Tamil family verdict delayed again
A TAMIL couple and their two young daughters may not learn their fate for another two weeks, with a court delaying the case until more evidence is filed.
Justice Mordy Bromberg today ruled that a hearing be scheduled for September 18, and that the injunction preventing the youngest daughter's removal be extended until 4pm that day.
The Federal Court in Melbourne continues to hear the case of the refugee family from Sri Lanka, who have become beloved members of the community in the small Queensland town of Biloela.
Their future rested on their youngest child, two-year-old Tharunicaa, who was born in the country. The girl is currently detained on Christmas Island with her parents Priya and Nadesalingam and four-year-old sister Kopika.
The family was under enormous mental strain as they awaited the outcome of their desperate battle against deportation, a friend said.
The family's supporters are also worried they could be hit with an "impossibly heavy debt" if their bid to stay in Australia falls short.
Asylum Seeker Resource Centre senior lawyer Nooshee Mogadam said every time a person seeking asylum appeals a court decision, the federal minister seeks court costs from them if the matter is dismissed.
They can also rack up a debt for their deportation.
Ms Fredericks has set up campaign on crowd-funding platform GoFundMe to raise $300,000, with people so far donating more than $60,000.
Despite widespread support for the family to be allowed to remain in Australia, the Morrison Government has refused to intervene.
The Federal Court has ordered the Government not to deport the family until 4pm on Friday so it can continue hearing Tharunicaa's case for protection, with other courts previously finding her older sister and parents do not qualify.
Prime Minister Scott Morrison said on Thursday he would accept the court's decision but again pointed to previous court rulings that found "there is no asylum claim here".
Opposition Leader Anthony Albanese travelled to Biloela on Wednesday, where the family had been living on a temporary visa. He said the Government should intervene on the basis that Nades worked at the Biloela meatworks, operated by Teys - a business that couldn't source enough local workers to operate.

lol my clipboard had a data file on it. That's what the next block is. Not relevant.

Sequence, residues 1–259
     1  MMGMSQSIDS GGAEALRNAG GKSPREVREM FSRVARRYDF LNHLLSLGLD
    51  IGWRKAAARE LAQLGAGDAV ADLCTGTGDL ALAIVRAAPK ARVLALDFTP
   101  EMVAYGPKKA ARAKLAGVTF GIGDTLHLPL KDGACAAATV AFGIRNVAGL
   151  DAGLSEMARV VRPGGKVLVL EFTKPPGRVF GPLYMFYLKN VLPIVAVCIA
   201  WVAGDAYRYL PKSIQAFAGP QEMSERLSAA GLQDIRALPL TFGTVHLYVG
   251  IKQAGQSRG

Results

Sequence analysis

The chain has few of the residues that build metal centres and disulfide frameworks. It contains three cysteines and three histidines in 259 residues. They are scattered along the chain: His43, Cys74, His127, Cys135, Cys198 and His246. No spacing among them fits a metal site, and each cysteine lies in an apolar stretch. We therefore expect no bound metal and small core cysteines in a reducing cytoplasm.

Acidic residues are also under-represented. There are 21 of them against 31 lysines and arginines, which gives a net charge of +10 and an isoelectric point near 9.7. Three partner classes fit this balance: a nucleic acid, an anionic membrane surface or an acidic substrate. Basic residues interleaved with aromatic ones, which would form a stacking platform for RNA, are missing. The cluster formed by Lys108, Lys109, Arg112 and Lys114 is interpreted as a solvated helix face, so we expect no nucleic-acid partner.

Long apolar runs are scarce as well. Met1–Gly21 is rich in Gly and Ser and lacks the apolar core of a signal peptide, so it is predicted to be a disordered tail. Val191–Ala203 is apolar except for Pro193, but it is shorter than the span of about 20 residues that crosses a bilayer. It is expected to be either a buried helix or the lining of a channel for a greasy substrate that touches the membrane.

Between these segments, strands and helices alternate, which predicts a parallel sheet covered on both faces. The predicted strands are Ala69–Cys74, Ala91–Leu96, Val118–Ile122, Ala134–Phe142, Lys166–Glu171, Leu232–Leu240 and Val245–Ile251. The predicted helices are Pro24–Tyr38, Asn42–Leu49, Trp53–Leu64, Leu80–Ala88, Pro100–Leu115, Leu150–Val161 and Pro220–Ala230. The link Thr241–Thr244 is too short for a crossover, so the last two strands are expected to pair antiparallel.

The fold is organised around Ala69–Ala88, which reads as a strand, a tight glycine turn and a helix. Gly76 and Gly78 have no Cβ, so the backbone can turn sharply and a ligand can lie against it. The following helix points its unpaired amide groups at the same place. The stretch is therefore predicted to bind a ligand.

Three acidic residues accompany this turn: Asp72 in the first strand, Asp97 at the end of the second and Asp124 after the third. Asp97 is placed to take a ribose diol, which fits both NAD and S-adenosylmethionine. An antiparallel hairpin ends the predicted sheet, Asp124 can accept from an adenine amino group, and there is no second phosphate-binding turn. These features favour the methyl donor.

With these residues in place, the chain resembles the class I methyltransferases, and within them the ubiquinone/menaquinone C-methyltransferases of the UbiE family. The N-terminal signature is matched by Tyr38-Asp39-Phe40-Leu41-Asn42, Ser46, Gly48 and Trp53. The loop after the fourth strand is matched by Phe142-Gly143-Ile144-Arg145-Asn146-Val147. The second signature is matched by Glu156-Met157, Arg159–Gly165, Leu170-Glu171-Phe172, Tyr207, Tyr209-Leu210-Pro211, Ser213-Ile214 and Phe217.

A senior government official told Seven News on Thursday that as an employee of Teys, Nades could apply from Sri Lanka for a work visa under, which would allow the family to return, should their bid to stay fail. A Teys spokesperson told Seven they would be "happy" to sponsor Nades.
"Anybody offshore can make application for a visa if they meet the conditions of the visa," Minister for Home Affairs Peter Dutton said.
"The usual checks would be in place but this family would be eligible to make application offshore, as thousands of people do each year."
Priya and Nades settled in Biloela, where they had their two children, after arriving separately by boat in 2012 and 2013 following Sri Lanka's civil war. Nades fears his links to Hindu Tamil Tigers insurgents, who battled Sri Lanka's majority Buddhist government during the war, means he could face persecution if he goes back.
But the Federal Government says Nades has been back to Sri Lanka several times and that undermines his claim he faces a dangerous situation. The Government is fighting Tharunicaa's claim for protection, saying it's "futile".
Dramatic scenes unfolded last week when the flight the family was on under order of deportation took off from Melbourne, only to be instructed to land in Darwin when their lawyer obtained an injunction blocking the removal. They have since been on Christmas Island.
Prior to last week's flight, the family had spent 18 months in detention in Melbourne after being dragged from their home in Biloela by immigration officers in a raid.
Shadow home affairs minister, Kristina Keneally, accused Mr Dutton of only moving them offshore "to get them out of sight of a sympathetic Australian public".
Mr Dutton has accused Priya and Nadesalingam of unfairly dragging their two young, Australian-born children through drawn-out court appeals in an ill-fated bid to stay in the country.
"I think it is unfair to the children in this case where the parents were given a very definite decision that they weren't going to stay here in Australia many years ago and the kids have been drawn through - or dragged through - that process in the subsequent years," he said.